Trump, master dealmaker, screws up nuclear deal with North Korea
Another leisurely train trip for North Korea’s Dear Leader. More incoherent blather from the Best Dealmaker Ever. Nuclear summit cut short. No ceremonial signing of an agreement because no agreement. If you were hoping somehow to wangle one of the pens used to sign that historic document, sorry, you’re out of luck.
You’re also out of luck if you thought maybe this failure would tamp down Trump’s praise for Kim. In a press conference before he clambered onto Air Force One for the long ride home, he was asked if he had discussed with Kim the case of Otto Warmbier, the American college student taken captive by North Korea who died of fatal injuries in 2017 soon after he was freed into U.S. custody. Trump said he didn’t think Kim or other top officials knew about Warmbier until after the damage was done. Trump said, “He tells me he didn’t know about it and I take him at his word.” Just like Mohammed bin Salman’s word, eh?
Are Kim and Trump just punking us all and having these summits so they can gorge themselves on the local cuisine in Asian capitals? First Singapore, then Hanoi, maybe next time it’ll be Kuala Lumpur or Bangkok or Manila.
Seriously, given what appears to have been accomplished in Vietnam, couldn’t these guys have just texted each other?
Pres. Trump says Kim Jong Un ‘felt badly’ about Otto Warmbier, but that he doesn’t believe the North Korean leader knew about the American college student’s torture.
— ABC News (@ABC) February 28, 2019
The pre-summit hype and what-a-great-guy flattery Trump slathered on Kim in the run-up to the meeting in Hanoi gave the impression this trip was going to produce the much-promised agreement that would eliminate Pyongyang’s nuclear arsenal and capacity for rebuilding it in return for the lifting of sanctions to allow the North to transform itself from impoverished tyranny into the “economic powerhouse” Trump says it can be.
But, as it turns out, while Kim claims to be sold on the concept of denuclearization, he’s not so keen on the actual process. He wants to retain elements of the nuclear program, including some covert parts, as well as his missiles and nuclear warheads, in exchange for which the U.S. will end all sanctions. Desperate as he is for good news to offset the searing testimony of the guy he calls a “rat” and who calls him a “racist” and a “con man,” even Trump knows he couldn’t sell Kim’s conditions to the most adoring of his base. “Sometimes you have to walk, and this was just one of those times,” he said.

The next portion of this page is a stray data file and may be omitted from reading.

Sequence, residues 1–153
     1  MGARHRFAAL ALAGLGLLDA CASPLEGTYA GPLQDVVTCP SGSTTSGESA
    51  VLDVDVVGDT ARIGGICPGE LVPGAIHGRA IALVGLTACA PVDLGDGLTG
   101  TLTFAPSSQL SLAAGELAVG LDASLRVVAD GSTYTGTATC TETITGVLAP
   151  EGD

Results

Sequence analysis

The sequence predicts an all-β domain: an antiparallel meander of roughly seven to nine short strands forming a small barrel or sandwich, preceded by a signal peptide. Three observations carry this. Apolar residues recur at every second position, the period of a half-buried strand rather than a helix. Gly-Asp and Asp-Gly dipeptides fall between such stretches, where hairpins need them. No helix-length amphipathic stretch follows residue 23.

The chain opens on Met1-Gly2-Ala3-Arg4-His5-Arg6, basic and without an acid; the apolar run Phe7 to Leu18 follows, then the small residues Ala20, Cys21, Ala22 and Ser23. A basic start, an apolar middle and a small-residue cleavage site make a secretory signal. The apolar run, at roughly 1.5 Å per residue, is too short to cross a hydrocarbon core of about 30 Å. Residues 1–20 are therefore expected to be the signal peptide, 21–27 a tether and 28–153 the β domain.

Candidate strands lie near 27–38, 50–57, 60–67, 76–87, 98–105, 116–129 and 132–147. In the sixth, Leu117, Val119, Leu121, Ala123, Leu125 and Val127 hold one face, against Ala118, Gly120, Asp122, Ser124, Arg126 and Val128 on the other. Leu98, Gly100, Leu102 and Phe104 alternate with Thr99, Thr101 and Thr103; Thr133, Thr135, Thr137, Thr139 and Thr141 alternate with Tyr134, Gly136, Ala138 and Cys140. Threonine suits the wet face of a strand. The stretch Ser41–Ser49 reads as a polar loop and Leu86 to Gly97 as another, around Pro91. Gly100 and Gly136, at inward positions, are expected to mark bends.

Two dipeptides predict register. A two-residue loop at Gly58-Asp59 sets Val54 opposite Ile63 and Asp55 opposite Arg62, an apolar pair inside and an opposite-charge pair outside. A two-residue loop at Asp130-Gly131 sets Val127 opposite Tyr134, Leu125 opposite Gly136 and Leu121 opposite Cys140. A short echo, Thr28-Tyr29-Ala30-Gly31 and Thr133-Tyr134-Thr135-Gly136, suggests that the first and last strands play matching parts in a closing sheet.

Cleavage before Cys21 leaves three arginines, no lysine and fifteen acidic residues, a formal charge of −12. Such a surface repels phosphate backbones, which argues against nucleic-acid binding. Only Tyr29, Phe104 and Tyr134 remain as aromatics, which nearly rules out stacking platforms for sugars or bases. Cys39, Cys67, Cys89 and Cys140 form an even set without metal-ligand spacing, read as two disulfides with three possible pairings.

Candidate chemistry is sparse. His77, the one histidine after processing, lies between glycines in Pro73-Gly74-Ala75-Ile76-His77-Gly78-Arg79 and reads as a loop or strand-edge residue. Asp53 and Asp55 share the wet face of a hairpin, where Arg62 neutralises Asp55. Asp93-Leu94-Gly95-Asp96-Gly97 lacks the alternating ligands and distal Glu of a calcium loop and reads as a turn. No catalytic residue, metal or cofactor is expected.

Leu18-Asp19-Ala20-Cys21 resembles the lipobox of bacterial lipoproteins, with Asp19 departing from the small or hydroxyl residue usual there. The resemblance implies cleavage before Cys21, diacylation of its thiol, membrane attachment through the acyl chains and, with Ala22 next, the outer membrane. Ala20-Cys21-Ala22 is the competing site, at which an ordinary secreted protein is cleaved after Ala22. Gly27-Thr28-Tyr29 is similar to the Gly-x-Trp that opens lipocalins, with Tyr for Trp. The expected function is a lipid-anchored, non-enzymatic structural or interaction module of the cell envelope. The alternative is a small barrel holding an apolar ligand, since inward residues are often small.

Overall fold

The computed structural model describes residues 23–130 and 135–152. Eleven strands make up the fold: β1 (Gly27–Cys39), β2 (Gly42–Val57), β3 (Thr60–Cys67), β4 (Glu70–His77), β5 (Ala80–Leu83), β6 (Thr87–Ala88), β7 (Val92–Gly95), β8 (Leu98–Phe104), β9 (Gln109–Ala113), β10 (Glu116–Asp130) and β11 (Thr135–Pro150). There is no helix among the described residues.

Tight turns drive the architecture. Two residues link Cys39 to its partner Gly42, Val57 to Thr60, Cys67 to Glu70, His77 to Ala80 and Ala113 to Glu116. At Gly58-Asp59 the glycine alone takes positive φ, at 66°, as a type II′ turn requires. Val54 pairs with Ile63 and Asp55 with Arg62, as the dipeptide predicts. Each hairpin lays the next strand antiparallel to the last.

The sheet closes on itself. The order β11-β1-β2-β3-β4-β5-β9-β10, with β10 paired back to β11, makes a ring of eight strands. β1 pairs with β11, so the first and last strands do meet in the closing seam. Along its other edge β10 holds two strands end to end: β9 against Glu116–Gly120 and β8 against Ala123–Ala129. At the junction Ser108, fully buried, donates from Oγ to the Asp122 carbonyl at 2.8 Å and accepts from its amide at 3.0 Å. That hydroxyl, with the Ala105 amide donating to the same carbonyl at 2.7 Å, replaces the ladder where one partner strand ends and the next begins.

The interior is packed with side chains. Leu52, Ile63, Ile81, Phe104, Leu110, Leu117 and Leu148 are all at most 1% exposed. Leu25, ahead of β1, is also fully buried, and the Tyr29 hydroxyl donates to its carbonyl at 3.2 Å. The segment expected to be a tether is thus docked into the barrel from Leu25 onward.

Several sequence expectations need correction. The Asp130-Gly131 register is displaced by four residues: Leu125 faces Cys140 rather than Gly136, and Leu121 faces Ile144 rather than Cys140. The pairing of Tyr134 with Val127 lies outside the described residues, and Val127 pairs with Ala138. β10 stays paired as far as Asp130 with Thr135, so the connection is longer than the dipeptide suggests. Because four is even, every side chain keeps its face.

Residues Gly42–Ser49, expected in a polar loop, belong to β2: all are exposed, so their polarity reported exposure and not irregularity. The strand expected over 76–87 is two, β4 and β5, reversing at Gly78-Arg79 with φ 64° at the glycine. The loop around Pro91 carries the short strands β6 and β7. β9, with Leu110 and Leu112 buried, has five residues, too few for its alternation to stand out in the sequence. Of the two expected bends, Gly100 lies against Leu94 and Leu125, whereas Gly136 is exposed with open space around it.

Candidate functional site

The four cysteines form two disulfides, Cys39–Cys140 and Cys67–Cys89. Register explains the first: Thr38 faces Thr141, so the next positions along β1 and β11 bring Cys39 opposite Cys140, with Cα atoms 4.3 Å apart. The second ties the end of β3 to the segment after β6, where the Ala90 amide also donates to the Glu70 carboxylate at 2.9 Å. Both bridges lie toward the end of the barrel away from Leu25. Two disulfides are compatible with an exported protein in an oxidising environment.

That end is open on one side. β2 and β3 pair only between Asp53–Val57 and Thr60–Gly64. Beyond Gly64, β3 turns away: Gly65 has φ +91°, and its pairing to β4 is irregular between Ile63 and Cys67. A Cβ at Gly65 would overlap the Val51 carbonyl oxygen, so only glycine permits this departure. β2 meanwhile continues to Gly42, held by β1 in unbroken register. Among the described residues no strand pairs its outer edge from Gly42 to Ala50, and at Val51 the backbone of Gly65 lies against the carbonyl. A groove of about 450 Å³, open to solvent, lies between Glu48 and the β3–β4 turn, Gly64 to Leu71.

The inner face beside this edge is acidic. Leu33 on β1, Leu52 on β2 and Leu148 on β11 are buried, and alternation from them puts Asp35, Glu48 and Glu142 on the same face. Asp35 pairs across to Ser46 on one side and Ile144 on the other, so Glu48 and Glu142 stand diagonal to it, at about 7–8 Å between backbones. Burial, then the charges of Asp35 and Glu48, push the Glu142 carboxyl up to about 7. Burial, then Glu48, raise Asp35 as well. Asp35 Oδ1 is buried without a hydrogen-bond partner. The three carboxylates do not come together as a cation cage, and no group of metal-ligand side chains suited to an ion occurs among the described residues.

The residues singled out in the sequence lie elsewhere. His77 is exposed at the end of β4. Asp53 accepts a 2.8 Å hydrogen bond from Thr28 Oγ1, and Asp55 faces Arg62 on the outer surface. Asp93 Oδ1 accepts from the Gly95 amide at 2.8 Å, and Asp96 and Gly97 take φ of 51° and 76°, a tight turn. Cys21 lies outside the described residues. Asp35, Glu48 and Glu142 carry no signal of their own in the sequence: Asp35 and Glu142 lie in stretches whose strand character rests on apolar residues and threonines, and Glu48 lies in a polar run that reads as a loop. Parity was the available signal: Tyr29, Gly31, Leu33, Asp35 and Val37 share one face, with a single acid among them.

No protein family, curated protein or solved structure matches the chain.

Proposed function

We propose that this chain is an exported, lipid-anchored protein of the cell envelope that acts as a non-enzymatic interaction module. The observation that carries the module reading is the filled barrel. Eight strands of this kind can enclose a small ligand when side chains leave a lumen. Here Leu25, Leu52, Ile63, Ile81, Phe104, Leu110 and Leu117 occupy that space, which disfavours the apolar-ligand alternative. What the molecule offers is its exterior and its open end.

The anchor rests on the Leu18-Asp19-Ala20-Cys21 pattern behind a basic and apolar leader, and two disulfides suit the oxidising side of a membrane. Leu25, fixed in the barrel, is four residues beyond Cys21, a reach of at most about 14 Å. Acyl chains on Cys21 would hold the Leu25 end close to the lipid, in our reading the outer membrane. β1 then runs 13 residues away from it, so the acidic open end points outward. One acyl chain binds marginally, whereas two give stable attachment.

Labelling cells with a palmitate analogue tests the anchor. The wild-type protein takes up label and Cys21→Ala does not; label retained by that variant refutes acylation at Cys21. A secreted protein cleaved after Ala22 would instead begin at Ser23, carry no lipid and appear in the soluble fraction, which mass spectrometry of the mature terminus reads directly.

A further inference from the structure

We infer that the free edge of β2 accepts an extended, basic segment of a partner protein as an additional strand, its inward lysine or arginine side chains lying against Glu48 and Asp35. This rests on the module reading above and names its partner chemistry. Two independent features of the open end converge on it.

But why didn’t he and the rest of the delegation know this would be what was on offer from Kim?
Usually, before a summit is announced and the big dogs are called in to sign an agreement, the diplomats have worked out most of the details, or at least have a good idea where any remaining sticking points are likely to be and have game plans for dealing with them. Shouldn’t they have known and conveyed to the White House that Kim wanted all the economic sanctions gone but without surrendering all the elements of Pyongyang’s nuclear capabilities?
It’s certainly no secret that North Korea’s nukes are what’s given Kim his international cachet. He’s now a player. Giving up those weapons would make him a footnote. And also, from his and other North Korean leaders’ perspective, that would again put him at risk of attack from the United States.
Kim will remain in Hanoi until Friday, when he will board the train for home, with a stopover in Beijing to have a chat with President Xi Jinping.
The lack of a deal sets up China to play a larger role in a process that some believed Beijing was at risk of being sidelined. Mintaro Oba, a former diplomat focused on the Koreas said China has an opportunity to step in and set the tone.
“China can make an impact by showing continued public support for North Korea — or alternately, putting pressure on North Korea to be more flexible if Beijing thinks North Korea was the primary reason the summit ended with no agreement,” Oba said. “China will not want to see this diplomatic process fall apart.”
At a regular press briefing after the summit was cut short, Chinese foreign ministry spokesman Lu Kang said a resolution on the Korean peninsula could not be “achieved overnight”. Lu said China was willing to “continue to play a constructive role” and hoped dialogue between the US and China would continue.
The Asian stock markets flickered over the news of the summit’s abrupt end without an agreement, those in South Korea and Japan taking substantial hits. For President Moon Jae-in of South Korea, the failure of the talks has thrown a wrench in the works. He had planned to announce four proposals for enhanced engagement between North and South on the 100th anniversary of Korean independence, which is Friday. The lack of an agreement between Washington and Pyongyang almost certainly will mean limited progress in further engagement between the two Koreas, if there’s any at all.
The South Korean presidential office released a statement: “We do feel regret that President Trump and Chairman Kim Jong-un could not reach complete agreement at today’s summit. But it also appears that they have clearly made more meaningful progress than at any time in the past.”
An unnamed South Korean diplomat told the Guardian’s Julian Borger: “It was a shock. We are trying to figure out what happened.”
— MPR News (@MPRnews) February 28, 2019